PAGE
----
The arrival of COVID-19 and the dramatic public health measures in Scotland that have been taken – and will need to continue for the foreseeable future – has meant that as a network, we have had to make some tough decisions. In light of the ongoing public health emergency, we announced a few weeks ago that we would postpone our national Conference Sex, Drugs & Scotland’s Health, which was originally scheduled to be held in June in Dundee. We’ve pushed the conference to 2 – 4 June 2021 and will provide more details later in the year. We were very disappointed to not move forward with a great programme of events and are planning to provide elements of the conference through some digital presentations and/or events and blogs – watch this space for more details!

We are also focusing on increasing our digital presence through our recently revamped website, which will feature a space for blogs and videos to share research, reflections and information. We’ve got some new blogs coming up in the next little while, so keep a look-out for those. Also, feel free to get in touch with us if you have ideas for materials you would like to share.

Finally, as many of us re-orient – or indeed heighten – our efforts to care for ourselves and others and to continue to support the sexual and reproductive health and wellbeing – and rights – of our communities, we have pulled together some fantastic resources that our partners and friends have put together in the immediate response to COVID-19 and its implications for sexual and reproductive health. We hope you find these resources useful and that you can continue to care for yourself – and others – in these uncertain times.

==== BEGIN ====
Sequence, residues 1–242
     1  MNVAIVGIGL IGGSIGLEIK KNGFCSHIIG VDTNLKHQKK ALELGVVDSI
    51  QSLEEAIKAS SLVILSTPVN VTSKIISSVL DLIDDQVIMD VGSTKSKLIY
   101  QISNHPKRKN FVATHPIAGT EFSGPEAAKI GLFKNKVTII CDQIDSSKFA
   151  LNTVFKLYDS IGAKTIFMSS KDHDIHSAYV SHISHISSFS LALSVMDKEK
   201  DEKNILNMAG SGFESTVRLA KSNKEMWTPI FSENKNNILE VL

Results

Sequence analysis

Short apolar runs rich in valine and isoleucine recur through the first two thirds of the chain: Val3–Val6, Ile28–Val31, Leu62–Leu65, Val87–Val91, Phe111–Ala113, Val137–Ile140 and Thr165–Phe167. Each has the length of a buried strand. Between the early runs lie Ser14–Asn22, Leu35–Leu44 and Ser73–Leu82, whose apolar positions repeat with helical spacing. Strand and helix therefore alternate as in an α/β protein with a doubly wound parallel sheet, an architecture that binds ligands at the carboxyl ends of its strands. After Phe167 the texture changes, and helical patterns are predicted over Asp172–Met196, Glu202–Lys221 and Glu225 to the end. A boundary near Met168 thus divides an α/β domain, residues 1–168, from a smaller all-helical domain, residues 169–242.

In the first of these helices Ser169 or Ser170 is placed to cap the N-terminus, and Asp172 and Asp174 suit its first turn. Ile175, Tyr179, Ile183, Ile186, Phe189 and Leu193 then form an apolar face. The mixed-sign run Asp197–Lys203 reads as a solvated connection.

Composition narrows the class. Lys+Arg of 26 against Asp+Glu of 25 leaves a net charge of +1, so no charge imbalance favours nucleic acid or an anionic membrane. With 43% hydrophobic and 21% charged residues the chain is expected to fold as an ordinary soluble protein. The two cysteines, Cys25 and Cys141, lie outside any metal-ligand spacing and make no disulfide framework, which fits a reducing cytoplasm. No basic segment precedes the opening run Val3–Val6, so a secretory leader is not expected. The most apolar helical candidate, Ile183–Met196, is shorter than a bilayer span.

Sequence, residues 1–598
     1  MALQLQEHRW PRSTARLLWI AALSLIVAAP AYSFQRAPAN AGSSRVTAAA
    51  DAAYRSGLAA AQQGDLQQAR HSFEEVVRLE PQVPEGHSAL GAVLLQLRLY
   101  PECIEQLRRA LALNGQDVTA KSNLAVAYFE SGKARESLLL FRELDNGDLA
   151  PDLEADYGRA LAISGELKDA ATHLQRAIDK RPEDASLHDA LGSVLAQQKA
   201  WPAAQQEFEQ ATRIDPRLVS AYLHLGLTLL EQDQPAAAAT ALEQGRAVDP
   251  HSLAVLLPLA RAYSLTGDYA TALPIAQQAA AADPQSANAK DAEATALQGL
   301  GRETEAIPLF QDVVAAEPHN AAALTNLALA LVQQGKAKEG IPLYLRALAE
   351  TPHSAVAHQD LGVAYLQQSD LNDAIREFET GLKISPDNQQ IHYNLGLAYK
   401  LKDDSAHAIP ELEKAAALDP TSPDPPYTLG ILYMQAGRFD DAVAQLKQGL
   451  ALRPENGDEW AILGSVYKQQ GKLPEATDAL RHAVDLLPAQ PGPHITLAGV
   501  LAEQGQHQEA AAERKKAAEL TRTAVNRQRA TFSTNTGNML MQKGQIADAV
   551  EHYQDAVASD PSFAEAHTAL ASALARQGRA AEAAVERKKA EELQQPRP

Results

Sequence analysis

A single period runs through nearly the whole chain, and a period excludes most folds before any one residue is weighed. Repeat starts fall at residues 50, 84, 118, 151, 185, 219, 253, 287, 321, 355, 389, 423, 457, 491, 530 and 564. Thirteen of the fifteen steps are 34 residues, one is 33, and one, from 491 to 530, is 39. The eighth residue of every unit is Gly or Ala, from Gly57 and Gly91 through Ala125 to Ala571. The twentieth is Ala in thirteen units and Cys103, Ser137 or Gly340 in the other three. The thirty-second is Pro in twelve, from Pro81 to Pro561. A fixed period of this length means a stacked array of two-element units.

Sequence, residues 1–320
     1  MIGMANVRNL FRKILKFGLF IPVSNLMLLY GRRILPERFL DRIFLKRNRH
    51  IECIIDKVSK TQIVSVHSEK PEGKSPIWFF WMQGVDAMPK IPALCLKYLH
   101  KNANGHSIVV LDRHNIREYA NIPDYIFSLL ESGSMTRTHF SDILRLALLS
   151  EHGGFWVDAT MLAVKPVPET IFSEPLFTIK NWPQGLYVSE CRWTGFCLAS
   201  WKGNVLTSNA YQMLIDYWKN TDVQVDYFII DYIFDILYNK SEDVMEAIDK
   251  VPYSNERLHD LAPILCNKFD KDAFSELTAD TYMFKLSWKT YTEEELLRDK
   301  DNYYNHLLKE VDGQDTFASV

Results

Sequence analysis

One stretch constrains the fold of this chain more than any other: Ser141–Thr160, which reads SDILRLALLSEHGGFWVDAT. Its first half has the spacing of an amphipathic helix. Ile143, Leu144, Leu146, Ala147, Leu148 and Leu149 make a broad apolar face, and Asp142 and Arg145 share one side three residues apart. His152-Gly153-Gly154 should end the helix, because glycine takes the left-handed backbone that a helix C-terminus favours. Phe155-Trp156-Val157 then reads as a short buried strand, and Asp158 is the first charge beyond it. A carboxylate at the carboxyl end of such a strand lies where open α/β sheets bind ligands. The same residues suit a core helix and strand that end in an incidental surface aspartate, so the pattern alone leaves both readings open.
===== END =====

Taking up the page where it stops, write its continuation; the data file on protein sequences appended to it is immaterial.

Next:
• PrEPster hosted a Facebook Live event on Covid-19, HIV and LGBT health: what do we need to know? in mid-march, which is still able to be seen here: https://www.facebook.com/prepster.info/videos/246665113035089/

• PrEPster have also created a very useful page that is regularly being updated with information about COVID-19 & all things sexual health and HIV here: https://prepster.info/covid/

• HIV Scotland have offered information and support for people living with HIV and PrEP users here: https://www.hiv.scot/coronavirus

• Waverley Care have provided information about COVID-19 & sexual health here: https://www.waverleycare.org/news/coronavirus-covid-19-information-and-advice